recommended that a replacement reactor should be built, a second stage,

concerning issues such as siting, would probably have had to satisfy the Act.) A n attempt to circumvent that Act would be likely to generate considerable

controversy and opposition within and beyond the federal parliament, and could be subject to legal challenge. In any case letters I have received from successive Ministers for Science and Technology, including the current Minister, are unequivocal o n the point that the Environmental Protection Act would be satisfied.

The Act allows for one of four levels of assessment. The most closed option is examination of an issue by the relevant government Department - from

conversations with personnel from the Department of Industry, Science and Technology, and from A N S T O , it appears unlikely that this level of assessment will be pursued in relation to the H I F A R replacement issue. There are two

intermediate options involving an Environmental Impact Statement or a Public Environment Report; these provide for s o m e level of public input though they are not nearly as open as a public inquiry. The final level of assessment is a public Commission of Inquiry.

It seems likely that one of the intermediate options will be pursued, involving either an Environmental Impact Statement or a Public Environment Report, with some level of public input. Nevertheless the Environmental Protection Act is sufficiently open-ended that there is considerable scope for government to manipulate the process to minimise public input if that is its intention. A 1996 letter from Peter McGauran, the current Minister for Science and Technology, suggests that the intention m a y indeed be to minimise public input. M c G u a r a n writes that the R R R said that a decision on the issue should be m a d e in about five years time, but that it "did not r e c o m m e n d that a n e w inquiry be undertaken."

H o w e v e r the Review (p.4) did indeed say that "if, at s o m e later stage, a n e w reactor

is envisaged, it should be assessed by a n e w panel possibly operating within the Environmental Protection (Impact of Proposals) Act."

McGuaran says the government will make a decision on the replacement of H I F A R in 1997 or early 1998.61 His public statements have been non-committal to some extent, but he has argued that there is a good case for a reactor. Most of his comments in support of a n e w reactor have concerned the production of medical radioisotopes62:

We have full support for ANSTO and what it does. It plays a crucial role in Australia for both health and manufacturing terms. So many thousands of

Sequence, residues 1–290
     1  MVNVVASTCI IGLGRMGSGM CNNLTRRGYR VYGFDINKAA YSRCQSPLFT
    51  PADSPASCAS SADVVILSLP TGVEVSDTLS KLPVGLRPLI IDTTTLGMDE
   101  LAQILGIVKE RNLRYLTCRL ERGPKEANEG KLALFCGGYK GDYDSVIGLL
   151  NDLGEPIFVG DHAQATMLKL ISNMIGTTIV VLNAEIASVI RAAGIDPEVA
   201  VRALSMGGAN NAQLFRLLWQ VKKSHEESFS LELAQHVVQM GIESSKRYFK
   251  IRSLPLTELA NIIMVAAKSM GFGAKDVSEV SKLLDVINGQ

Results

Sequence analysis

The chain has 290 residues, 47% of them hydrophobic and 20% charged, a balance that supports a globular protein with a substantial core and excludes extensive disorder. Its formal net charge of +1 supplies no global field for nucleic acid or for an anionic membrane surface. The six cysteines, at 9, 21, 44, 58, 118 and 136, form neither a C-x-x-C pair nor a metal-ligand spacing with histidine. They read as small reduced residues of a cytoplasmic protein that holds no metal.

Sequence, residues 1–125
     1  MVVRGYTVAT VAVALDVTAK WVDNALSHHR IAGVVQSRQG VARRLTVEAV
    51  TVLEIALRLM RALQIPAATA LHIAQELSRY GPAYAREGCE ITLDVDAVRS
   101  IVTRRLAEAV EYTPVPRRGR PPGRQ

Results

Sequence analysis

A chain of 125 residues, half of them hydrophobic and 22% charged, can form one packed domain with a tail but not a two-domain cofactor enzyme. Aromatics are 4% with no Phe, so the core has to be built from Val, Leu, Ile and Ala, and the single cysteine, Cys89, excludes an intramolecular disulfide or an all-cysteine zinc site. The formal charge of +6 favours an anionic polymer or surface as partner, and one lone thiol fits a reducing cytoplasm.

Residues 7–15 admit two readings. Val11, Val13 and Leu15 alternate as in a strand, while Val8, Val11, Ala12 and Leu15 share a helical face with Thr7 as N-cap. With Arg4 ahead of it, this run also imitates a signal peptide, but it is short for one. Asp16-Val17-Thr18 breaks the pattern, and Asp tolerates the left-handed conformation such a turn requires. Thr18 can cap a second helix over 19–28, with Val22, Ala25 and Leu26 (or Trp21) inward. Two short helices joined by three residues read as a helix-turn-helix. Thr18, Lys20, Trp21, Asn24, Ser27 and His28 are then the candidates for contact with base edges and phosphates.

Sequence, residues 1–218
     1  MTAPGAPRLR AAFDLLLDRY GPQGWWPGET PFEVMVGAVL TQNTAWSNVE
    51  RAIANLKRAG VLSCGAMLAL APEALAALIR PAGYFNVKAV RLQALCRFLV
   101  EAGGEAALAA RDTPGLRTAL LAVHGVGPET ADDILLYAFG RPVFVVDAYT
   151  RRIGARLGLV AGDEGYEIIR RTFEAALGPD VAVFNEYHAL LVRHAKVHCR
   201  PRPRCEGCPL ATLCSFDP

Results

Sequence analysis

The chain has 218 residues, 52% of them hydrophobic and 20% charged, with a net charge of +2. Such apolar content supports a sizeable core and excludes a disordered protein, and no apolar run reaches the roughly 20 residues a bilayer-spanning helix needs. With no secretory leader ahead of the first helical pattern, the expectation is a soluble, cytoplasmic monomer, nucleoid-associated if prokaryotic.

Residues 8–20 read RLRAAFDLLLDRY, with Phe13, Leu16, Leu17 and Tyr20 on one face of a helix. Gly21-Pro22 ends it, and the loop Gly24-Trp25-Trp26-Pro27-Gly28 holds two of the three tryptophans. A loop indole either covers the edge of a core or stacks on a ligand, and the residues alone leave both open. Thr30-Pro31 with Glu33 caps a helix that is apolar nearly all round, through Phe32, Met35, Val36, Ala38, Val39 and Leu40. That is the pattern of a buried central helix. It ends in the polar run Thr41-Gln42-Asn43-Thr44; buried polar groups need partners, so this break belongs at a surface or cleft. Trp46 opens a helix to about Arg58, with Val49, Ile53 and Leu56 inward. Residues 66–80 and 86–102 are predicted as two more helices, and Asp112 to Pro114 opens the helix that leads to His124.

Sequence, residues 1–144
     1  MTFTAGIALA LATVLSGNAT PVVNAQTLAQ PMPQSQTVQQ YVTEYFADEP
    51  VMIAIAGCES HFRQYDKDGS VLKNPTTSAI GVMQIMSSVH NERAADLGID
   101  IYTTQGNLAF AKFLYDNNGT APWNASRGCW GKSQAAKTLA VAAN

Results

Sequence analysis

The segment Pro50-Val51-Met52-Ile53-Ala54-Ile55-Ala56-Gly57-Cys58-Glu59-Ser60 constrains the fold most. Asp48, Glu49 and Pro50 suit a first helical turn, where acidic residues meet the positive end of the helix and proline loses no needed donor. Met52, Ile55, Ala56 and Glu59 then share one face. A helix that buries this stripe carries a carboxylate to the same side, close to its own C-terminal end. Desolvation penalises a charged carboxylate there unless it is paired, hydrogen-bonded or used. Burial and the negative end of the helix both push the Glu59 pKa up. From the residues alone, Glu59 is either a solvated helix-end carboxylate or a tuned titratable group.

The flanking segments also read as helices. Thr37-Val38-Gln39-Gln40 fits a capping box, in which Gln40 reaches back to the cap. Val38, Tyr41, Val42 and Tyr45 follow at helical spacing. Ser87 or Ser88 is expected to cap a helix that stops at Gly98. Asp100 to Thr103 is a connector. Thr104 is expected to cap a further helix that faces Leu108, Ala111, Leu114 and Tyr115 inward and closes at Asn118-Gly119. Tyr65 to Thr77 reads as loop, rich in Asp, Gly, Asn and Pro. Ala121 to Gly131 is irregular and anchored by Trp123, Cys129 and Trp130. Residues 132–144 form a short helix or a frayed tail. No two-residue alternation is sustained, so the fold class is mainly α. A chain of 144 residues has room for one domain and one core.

Australians owe their lives to the research carried out at ANSTO. Remember that ANSTO is Australia's only producer of radioisotopes

A senior NSW Liberal Party politician, and the federal Democrats, are calling for a Senate inquiry into the future and possible relocation of the Lucas Heights

facilities. (Hogarth and Cleary, 1997.)

HIFAR's age is creating a sense of urgency surrounding the issue of its refurbishment or replacement. The issue of what to do with the spent fuel rods at Lucas Heights, and the issue of waste m a n a g e m e n t m o r e generally, is even more pressing. This is because A N S T O is likely to run out of storage space for spent fuel rods in late 1998, and also because of the political backlash that would probably greet a decision to proceed with a n e w research reactor before s o m e sort of

solution (however temporary and inadequate) is found to A N S T O ' s radioactive waste problems.

I will finish this chapter with some comments on the state of anti-nuclear opposition. Opposition to the open-slather uranium policy and the reinvigorated U S alliance has generally been tame. H o w e v e r there is still a large reservoir of anti-nuclear sentiment that could be mobilised against future nuclear projects, as demonstrated by the massive opposition to French testing in the Pacific in 1995.

Another variable is the Sutherland Shire Council, which w a s so important in the campaign during the R R R . The make-up of the Council has changed. The Liberal Party n o w has a dominant position following Council elections in 1995. That m a y result in a less critical attitude to A N S T O ' s operations, and it m a y affect the

^ A s discussed in the postscript to this thesis (chapter 10), in September 1997 the government announced a decision to replace HIFAR. However the decision is subject to an assessment under the Environmental Protection Act 1974, and it is also subject to an investigation b y a Senate Committee.

& Matters of Public Importance, 5 March, 1997. See also McGuaran, Questions Without Notice, House of Representatives, 6 March.

outcome of the controversy over the replacement of HIFAR. O n the other hand some Liberal Party members were opposed to a n e w reactor at the time of the RRR: it remains to be seen what role the Council will play in the controversy in the coming years.